Fifty three of the Senate's 59 Democrats gave unelected, overpaid bureaucrats at the U.S. Environmental Protection Agency a green light yesterday to do pretty much whatever they choose in their quixotic crusade against global warming. All 41 Republicans and six brave Democrats voted for Alaska Sen. Lisa Murkowski's resolution nullifying the EPA's recent usurpation of authority under the Clean Air Act to regulate the U.S. economy to combat greenhouse gases. Thankfully, this craven surrender of congressional authority isn't the last word on the issue, assuming that the November elections produce a Senate with enough backbone to reassert the legislature's rightful power.
In the meantime, it's vital to understand how bureaucracies function. Whatever else they may do, leading bureaucrats always do two things, regardless of which party controls the White House or Congress: They limit choices available to the rest of us by imposing regulations that increase government power and thus justify expanding their budgets and staffs; and they protect themselves and their turf by suppressing internal dissent, often at any costs.
As an example of the latter, consider career EPA scientist Alan Carlin. Last year, Carlin went through all the proper channels in submitting a study to the EPA's top leadership in which he raised serious questions about the credibility of scientific reports used to justify the agency's decision to regulate greenhouse gases. Carlin's study became public thanks to the Competitive Enterprise Institute. Carlin's reward was to be publicly pilloried by President Obama's EPA administrator, Lisa Jackson. His work was suppressed within the agency, and he was threatened with additional retaliation if he continued voicing his views. Rather than endure this bureaucratic muzzling, Carlin retired.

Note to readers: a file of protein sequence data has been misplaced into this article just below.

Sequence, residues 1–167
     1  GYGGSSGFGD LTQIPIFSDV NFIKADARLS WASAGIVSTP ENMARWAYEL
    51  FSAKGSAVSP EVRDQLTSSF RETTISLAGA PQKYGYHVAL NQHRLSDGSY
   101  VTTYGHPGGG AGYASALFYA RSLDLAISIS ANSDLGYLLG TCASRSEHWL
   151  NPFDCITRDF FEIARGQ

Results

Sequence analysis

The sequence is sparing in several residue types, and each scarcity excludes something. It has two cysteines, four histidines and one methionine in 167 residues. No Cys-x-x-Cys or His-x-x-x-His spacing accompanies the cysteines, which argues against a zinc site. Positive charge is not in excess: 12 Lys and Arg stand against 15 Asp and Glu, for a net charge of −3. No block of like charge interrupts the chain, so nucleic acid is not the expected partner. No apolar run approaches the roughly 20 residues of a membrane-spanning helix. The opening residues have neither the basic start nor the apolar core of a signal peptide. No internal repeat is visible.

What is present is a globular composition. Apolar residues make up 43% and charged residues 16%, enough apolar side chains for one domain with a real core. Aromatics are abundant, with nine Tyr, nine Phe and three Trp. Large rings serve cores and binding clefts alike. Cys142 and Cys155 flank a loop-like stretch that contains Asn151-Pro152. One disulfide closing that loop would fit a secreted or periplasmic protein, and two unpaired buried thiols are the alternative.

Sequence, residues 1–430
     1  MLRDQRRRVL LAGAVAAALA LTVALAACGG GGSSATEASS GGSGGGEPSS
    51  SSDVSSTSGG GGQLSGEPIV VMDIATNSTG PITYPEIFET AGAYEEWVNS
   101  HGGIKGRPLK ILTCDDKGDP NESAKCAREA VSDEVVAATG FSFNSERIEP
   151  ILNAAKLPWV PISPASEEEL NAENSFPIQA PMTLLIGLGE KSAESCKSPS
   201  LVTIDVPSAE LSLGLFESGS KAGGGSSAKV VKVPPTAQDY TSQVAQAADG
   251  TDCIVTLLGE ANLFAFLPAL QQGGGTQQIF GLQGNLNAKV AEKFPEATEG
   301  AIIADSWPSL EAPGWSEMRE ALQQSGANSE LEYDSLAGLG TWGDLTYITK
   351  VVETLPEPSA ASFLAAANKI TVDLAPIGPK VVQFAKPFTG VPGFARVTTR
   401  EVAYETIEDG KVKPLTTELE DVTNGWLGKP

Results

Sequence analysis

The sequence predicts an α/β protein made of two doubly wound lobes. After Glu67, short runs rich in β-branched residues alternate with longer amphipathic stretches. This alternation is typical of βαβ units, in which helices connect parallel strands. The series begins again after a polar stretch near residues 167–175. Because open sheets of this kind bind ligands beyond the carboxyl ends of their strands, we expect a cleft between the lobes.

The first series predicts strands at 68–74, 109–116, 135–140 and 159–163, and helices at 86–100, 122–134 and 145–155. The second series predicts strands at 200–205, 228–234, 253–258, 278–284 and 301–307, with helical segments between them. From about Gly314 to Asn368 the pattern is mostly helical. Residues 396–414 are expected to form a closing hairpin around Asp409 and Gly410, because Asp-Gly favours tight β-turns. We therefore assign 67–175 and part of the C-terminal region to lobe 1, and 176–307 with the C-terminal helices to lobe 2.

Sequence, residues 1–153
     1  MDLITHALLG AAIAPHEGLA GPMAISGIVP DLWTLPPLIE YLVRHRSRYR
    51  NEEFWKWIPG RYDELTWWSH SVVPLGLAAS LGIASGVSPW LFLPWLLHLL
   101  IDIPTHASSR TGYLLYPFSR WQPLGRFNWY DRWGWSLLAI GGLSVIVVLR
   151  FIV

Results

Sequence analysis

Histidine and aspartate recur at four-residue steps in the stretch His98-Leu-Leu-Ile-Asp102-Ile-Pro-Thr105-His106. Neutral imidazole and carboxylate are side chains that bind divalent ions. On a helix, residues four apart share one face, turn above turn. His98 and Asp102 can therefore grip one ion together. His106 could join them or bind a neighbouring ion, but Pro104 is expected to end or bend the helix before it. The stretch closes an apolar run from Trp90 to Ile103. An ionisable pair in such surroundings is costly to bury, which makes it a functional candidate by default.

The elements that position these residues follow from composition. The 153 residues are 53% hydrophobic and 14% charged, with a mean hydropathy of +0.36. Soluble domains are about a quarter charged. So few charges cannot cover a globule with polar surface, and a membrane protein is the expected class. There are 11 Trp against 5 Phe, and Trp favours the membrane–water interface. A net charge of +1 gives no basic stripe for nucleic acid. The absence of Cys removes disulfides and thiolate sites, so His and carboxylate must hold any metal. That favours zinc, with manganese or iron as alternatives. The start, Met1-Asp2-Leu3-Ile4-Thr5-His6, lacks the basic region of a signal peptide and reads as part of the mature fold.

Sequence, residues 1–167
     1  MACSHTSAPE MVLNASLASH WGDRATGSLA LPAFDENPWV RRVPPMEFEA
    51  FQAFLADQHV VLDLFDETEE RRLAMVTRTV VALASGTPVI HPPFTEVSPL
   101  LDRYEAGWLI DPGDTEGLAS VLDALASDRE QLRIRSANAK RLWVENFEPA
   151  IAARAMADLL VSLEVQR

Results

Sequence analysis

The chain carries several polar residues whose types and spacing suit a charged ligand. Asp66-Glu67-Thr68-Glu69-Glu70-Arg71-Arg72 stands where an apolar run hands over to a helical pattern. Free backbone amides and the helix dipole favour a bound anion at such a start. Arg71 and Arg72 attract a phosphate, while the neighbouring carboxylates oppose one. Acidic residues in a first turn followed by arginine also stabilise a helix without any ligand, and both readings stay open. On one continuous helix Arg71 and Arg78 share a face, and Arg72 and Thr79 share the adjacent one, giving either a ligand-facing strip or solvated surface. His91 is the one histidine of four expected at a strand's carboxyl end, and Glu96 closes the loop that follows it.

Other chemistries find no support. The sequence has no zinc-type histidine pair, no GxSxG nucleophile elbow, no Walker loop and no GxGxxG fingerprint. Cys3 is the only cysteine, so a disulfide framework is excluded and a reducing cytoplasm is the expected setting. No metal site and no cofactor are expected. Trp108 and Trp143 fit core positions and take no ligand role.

Similarly, EPA lawyers Allan Zabel and Laurie Williams -- a married couple living in San Francisco who between them have four decades of experience at the agency -- became so concerned last year about the EPA's support of cap-and-trade legislation that they created a YouTube video titled "The Huge Mistake" to explain their case. They made it clear that the video represented only their personal opinions, but the EPA still ordered them to change the video's content or face severe punishment.
Sen. Lamar Alexander, R-Tenn., predicts that a suffocating new round of EPA regulations will soon descend upon the "one-fifth of our restaurants, one-fourth of our schools, two-thirds of our hospitals and doctor's offices, 10 percent of our churches, thousands of farms and millions of small businesses" that emit greenhouse gases. Considering how the EPA grandees mistreat their underlings, we wonder how the agency will respond to the soon-to-be-swelling ranks of critics on the outside.